Silver as an investment

Trump: “I Don’t Fear A Trade War With Canada”

While Trump tried to downplay concerns about a trade with with Canada, after his administration slapped tariffs on Canadian softwood lumber, he may have succeeded in fanning the flames when on Tuesday Trump told reporters that “No,” he does not fear a trade war with Canada adding “they have a tremendous surplus with the United States. Whenever they have a surplus, I have no fear.”

Trump’s decision to impose tariffs of as much as 24 percent on Canadian softwood imports ignited a trade dispute – let’s not call it war at least until Canada retaliates – between the two close trading partners.

Combined with his saber rattling on the Canadian dairy market and the North American Free Trade Agreement (NAFTA), Trump’s deeds, words and tweets have sparked concerns about a broader trade conflict that could have significant effects on the U.S. economy, not to mention on Canada’s. As The Hill notes, Canada is the second-largest U.S. trading partner, with $575 billion in two-way goods exchanged in 2015.

Still, despite Trump’s allegation that Canada has a “tremendous” surplus with the US, its trade relationship is rather balanced: the U.S. only had a $15 billion trade deficit with Canada in 2015, according to figures compiled by the Office of the U.S. Trade Representative.

Meanwhile, as Bloomberg puts it in almost deadpan humor, “Trudeau’s Reward for Courting Trump Is a Trade War on Lumber

Justin Trudeau has always played nice with Donald Trump. The refugee-hugging liberal bit his tongue, flooded Washington with envoys, feted Ivanka Trump on Broadway and relentlessly talked up Canada-U.S. ties. It hasn’t worked.

Canada pledged legal action while criticizing the “unfair and punitive duty,” saying it will raise the cost of U.S. homes. It’s also threatening to pivot away, responding to duties by highlighting efforts to sell more lumber to China. All to be expected as two neighboring countries launch in a trade spat.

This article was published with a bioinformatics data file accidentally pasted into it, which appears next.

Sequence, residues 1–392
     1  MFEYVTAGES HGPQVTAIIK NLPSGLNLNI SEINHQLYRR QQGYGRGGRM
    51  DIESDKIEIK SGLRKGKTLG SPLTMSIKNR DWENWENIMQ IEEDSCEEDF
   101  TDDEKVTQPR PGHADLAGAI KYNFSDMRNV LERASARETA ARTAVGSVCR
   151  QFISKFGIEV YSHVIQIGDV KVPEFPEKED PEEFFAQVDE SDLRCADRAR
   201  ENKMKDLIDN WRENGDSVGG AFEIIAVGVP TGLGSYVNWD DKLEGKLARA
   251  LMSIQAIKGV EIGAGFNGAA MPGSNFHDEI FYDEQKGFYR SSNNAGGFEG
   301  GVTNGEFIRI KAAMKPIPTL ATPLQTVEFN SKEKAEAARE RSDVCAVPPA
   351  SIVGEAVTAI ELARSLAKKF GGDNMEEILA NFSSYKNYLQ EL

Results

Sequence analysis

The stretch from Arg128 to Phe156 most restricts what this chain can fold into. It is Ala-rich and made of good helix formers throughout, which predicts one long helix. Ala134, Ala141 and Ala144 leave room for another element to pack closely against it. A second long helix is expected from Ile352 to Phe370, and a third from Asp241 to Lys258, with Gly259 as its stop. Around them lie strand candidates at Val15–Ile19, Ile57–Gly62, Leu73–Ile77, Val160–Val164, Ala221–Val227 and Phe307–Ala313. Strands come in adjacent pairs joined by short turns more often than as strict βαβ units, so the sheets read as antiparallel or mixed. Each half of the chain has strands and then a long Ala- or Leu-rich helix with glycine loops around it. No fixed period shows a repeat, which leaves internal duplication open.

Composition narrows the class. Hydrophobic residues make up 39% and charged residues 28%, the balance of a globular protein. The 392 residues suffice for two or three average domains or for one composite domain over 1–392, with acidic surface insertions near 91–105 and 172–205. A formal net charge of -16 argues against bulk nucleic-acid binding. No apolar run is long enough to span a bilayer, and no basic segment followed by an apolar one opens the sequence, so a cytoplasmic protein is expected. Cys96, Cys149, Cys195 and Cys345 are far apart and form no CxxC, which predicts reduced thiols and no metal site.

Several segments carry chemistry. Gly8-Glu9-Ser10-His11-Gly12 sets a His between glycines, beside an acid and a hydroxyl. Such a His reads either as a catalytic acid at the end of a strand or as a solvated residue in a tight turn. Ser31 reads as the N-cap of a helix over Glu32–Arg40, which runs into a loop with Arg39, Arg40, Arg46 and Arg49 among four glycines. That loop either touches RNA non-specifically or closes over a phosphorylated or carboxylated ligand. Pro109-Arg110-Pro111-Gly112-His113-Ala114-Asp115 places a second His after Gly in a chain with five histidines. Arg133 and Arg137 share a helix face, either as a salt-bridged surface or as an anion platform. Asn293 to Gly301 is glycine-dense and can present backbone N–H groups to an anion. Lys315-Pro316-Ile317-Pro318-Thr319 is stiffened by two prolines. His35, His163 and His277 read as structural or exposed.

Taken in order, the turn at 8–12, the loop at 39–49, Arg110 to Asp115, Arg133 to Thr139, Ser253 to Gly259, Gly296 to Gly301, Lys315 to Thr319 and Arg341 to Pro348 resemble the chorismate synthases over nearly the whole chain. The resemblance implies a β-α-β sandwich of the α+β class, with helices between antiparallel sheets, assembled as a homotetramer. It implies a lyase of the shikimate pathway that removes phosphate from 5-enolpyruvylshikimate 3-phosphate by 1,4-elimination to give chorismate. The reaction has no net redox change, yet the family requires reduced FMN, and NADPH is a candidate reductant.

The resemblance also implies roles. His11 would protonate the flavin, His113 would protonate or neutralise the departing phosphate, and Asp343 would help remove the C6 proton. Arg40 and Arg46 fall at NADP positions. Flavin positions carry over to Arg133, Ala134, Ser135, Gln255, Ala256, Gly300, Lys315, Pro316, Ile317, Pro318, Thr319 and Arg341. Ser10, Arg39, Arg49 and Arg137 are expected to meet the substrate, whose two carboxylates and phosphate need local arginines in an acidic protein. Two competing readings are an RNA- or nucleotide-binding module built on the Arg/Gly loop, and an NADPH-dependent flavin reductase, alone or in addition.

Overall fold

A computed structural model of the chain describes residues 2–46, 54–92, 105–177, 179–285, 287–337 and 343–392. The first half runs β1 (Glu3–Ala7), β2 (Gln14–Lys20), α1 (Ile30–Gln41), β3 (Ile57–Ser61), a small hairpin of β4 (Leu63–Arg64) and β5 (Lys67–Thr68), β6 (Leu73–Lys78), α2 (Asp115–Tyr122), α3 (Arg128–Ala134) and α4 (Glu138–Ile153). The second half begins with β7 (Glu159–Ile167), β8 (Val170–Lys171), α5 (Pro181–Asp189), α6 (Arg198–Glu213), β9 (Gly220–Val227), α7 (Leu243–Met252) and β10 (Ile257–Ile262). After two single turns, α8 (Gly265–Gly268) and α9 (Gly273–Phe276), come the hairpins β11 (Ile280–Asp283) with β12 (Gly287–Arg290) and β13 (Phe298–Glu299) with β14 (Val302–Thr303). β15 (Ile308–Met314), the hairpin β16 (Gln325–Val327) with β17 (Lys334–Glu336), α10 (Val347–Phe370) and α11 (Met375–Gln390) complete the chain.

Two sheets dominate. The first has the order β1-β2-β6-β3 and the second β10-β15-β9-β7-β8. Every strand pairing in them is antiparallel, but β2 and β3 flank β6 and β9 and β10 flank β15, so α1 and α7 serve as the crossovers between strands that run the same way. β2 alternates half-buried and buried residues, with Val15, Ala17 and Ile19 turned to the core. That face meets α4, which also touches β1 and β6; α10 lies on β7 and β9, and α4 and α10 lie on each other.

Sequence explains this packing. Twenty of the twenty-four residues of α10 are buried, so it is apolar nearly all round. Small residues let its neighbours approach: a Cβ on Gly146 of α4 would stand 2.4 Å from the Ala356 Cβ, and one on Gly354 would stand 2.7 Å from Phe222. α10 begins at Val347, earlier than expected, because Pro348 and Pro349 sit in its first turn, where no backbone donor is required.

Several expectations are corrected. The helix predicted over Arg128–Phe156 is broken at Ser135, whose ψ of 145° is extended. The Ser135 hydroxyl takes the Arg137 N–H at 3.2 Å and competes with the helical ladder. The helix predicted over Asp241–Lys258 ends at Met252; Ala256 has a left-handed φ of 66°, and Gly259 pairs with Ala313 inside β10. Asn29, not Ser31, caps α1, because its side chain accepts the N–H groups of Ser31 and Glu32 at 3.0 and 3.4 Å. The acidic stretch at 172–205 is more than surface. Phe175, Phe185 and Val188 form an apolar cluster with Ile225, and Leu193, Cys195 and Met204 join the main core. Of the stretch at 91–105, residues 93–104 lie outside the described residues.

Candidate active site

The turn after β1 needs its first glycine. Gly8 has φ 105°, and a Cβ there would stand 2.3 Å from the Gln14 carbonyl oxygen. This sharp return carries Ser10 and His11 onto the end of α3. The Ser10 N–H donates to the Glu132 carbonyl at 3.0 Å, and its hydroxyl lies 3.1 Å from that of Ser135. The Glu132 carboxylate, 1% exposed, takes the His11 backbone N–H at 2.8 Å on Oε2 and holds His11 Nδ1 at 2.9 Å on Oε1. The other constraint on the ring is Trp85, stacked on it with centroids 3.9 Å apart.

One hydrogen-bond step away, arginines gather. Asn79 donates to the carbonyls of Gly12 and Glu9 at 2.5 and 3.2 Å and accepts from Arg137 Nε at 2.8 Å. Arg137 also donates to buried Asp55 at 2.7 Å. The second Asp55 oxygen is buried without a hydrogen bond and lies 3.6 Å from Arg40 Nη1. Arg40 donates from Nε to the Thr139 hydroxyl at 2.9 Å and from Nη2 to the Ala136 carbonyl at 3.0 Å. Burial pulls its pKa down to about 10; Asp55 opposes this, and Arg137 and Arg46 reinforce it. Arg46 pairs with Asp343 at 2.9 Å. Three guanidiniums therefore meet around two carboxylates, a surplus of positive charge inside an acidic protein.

“Canada will continue to press their American counterparts to rescind this unfair and unwarranted trade action,” Freeland and Carr said Monday night in a statement. “We remain confident that a negotiated settlement is not only possible, but in the best interests of both countries.”


Canada looks set to stick to its play-nice strategy, and Trudeau had fair warnings on all this. His father, former prime minister Pierre Trudeau, famously described Canada-U.S. relations as “sleeping with an elephant,” with Canada “affected by every twitch and grunt.”

As Bloomberg concludes, “this elephant is now wide awake, but Trump’s commerce chief says the softwood dispute is strictly business. Describing Canada as “generally a good neighbor,” Ross distanced Trump from the softwood decision during a White House briefing Tuesday. “I don’t think it has anything to do with the personal relationship between Mr. Trudeau and the president.”

As for the winners from the sudden break out of a trade war between the US and Canada, these are China, Germany and North Korea, the countries that actually deserve retaliation for their trading practices, but are far too important to openly antagonize.

As for Canada…